FROM Avi Issacharoff
Possible Cease-Fire in the Works in Israel-Gaza Conflict As we began broadcasting and recording this program moments ago, there was hope that the hour for a cease-fire between Hamas and Israel had arrived. We get an update from Sheera Frankel of NPR and the McClatchy Newspapers, who joins us from the border between Israel and Gaza, and Avi Issacharoff, Palestinian and Arab affairs correspondent for Ha'aretz .
In the Middle East, New Strategies or More of the Same? Secretary of State Condoleezza Rice announced today that the US today will lift the embargo placed on the Palestinian Authority when Hamas won parliamentary elections 18 months ago. Also today, the European Union said it will resume direct aid to the Palestinian Authority now that Hamas is out of the government. Prime Minister Ehud Olmert, who will meet tomorrow in Washington with President Bush, has indicated that Israel might turn over tax money it's been withholding. It's all about bolstering the secular Fatah faction in the West Bank and isolating Islamic Hamas after last week's military takeover of Gaza. Since Hamas took control of Gaza, Authority President Mahmoud Abbas has formed a new government, excluding the radical Islamic group. What are the benefits and risks of further dividing the Palestinian people? What are the strengths and weaknesses of Hamas and Fatah, and what's at stake for the region as a whole?
New Clashes in Gaza In Gaza, eight Palestinians were killed today, and twenty-five more were wounded in factional fighting. The dead included two people thrown off rooftops. Avi Issacharoff, who reports for the Israeli newspaper Ha’aretz , says the violence constitutes a sort of civil war between Fatah and Hamas.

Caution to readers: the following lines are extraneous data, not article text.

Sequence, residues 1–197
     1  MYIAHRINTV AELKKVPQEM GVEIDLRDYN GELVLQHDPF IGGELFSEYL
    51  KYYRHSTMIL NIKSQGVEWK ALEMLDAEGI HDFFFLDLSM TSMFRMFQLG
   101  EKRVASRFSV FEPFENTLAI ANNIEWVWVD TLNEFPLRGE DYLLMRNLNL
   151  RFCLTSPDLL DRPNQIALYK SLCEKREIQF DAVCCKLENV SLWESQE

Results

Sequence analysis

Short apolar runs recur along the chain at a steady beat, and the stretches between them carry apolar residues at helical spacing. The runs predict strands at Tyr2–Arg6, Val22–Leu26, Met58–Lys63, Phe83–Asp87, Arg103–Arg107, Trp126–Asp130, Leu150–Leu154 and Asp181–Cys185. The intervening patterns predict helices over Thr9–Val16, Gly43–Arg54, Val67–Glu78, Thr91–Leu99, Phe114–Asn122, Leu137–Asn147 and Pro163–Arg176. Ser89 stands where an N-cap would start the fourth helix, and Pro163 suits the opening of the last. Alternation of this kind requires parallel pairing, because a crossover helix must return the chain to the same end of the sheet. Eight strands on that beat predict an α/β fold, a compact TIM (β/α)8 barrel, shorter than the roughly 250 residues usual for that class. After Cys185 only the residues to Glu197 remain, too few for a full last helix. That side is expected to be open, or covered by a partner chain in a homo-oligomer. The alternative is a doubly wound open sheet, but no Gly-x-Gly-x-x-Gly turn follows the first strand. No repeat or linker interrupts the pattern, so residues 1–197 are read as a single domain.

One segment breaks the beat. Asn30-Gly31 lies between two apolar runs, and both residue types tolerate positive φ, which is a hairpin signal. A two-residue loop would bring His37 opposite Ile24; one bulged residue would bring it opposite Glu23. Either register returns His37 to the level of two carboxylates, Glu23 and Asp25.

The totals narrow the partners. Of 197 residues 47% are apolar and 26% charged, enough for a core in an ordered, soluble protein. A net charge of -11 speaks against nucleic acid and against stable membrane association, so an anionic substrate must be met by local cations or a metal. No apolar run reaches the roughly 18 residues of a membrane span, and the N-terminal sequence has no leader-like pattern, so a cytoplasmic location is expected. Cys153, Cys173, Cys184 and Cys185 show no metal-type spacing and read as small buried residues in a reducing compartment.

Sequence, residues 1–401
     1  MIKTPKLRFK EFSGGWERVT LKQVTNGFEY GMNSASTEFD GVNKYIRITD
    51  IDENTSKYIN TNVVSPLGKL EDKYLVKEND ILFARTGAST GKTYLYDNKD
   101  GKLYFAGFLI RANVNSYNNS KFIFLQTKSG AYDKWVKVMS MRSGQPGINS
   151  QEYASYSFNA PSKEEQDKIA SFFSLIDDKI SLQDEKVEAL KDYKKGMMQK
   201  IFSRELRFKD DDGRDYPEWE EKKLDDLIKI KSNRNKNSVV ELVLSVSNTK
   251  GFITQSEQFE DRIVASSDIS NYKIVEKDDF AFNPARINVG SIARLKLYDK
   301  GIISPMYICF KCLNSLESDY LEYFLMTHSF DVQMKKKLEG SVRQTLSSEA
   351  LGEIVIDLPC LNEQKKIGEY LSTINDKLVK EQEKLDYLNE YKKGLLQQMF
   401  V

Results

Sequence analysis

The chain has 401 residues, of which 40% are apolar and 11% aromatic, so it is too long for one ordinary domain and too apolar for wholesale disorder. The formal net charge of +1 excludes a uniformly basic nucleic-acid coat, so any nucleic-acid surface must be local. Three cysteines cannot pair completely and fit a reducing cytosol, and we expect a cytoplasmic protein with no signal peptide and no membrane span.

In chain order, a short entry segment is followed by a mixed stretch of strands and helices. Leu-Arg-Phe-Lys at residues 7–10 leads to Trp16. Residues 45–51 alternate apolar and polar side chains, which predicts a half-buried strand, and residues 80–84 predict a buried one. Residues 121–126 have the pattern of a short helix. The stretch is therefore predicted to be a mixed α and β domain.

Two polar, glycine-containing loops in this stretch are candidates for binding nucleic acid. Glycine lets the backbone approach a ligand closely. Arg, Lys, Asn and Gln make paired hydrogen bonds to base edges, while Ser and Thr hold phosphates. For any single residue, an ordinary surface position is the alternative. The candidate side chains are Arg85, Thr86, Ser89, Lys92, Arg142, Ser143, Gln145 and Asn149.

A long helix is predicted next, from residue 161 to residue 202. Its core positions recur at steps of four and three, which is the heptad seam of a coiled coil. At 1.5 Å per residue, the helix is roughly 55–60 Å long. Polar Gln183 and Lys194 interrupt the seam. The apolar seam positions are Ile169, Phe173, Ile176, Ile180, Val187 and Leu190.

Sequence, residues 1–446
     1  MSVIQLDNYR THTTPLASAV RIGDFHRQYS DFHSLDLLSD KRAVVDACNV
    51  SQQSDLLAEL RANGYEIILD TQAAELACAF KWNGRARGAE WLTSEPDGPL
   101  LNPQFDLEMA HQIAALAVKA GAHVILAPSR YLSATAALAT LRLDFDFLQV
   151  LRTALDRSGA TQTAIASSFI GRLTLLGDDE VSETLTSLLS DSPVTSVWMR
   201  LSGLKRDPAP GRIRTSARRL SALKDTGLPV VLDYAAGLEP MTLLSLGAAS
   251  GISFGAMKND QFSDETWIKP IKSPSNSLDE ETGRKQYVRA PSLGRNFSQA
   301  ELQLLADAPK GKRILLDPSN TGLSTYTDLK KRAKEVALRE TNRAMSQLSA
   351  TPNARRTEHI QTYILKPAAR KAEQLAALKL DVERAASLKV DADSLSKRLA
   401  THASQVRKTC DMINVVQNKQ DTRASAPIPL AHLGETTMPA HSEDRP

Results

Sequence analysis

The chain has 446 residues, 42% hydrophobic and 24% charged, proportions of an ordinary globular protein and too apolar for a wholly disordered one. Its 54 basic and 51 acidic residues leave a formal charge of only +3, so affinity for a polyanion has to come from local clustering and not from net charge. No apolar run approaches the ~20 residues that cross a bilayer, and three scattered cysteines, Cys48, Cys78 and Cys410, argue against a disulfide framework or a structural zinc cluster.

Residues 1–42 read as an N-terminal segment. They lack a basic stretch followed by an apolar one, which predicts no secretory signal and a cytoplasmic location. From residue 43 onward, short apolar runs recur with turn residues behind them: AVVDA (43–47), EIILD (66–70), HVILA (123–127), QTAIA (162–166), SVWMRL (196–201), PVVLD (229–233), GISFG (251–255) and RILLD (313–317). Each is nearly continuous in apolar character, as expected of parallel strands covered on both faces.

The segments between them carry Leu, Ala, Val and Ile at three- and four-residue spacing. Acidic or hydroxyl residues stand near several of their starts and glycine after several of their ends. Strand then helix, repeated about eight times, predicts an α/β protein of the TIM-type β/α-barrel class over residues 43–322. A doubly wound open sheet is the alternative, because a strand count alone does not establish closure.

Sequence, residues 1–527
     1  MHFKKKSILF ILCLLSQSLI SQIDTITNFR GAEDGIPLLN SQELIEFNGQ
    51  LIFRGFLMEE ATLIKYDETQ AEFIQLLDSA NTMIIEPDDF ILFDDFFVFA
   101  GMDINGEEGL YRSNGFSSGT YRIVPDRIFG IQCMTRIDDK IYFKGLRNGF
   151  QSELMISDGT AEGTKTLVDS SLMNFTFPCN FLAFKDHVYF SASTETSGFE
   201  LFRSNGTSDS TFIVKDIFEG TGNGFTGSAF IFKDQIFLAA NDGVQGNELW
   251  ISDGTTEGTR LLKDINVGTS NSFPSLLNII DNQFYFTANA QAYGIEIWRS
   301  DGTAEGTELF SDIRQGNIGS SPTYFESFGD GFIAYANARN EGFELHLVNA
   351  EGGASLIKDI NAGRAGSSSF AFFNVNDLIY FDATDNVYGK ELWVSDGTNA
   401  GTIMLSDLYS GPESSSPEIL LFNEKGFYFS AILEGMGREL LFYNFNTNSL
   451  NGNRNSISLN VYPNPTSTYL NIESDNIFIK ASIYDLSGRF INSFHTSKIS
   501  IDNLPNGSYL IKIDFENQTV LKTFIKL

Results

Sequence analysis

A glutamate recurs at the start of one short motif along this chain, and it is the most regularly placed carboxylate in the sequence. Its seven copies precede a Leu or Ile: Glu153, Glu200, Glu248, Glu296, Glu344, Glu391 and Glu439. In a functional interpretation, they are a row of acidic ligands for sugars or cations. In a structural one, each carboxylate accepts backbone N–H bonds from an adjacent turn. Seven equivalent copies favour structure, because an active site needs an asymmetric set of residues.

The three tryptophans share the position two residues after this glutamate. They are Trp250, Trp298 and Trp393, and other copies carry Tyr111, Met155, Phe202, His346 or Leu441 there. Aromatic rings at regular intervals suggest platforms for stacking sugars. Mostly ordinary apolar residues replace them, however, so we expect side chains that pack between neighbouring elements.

After Southern Lebanon, What about the Palestinians? UN Security Council Resolution 1701 stopped the fighting in southern Lebanon with the promise that France would help enforce it by leading a 15,000 member peacekeeping source. Today, the French newspaper Le Monde reported that France is scaling back to a "symbolic" contingent of 10 officers and 200 engineers. Meantime, as Hamas and the Palestinian Authority talk about forming a "unity government, there's a threat to dissolve all civil institutions and demand that Israel keep order in the West Bank and Gaza. Has the success of Hezbollah emboldened militants or will it lead to diplomacy in the region's oldest conflict? What about Israel's plan to pull out of the West Bank? We get an update from the UN and the Palestinian territories, where events have been out of the limelight because of the fighting in Lebanon.
Who's to blame for the opioid crisis? Some of the lawyers who took on Big Tobacco are now going after Big Pharma. It’s all about the deadly epidemic of opioid use. Are the drug companies to blame? What about the users? Later, on today’s Talking Point: making sense of Britain’s upset election.
Trump's new look at civil rights and global warming President Trump is reportedly ready to pull the US out of the Paris Agreement on Climate Change. We look at the possible consequences. On the second half of the program, we hear about cuts in Obama-Era civil rights programs called for by the Trump Administration's first budget plan.
Human Rights in the era of Donald Trump President Trump’s UN Ambassador, Nikki Haley, said today the US might pull out of the United Nations’ Human Rights Council. Serious violators of human rights are members of the Council itself–and a US resignation could make things worse. Later on today’s show, now that he’s into his second term, comedian turned US Senator Al Franken is telling jokes again.
Will the Senate write a healthcare bill in secret? While Democrats and Republicans argue White House relations with Russia, another question is being decided behind closed doors: who gets help buying health insurance and who doesn't? We hear how the pros and cons are being shrouded in secrecy.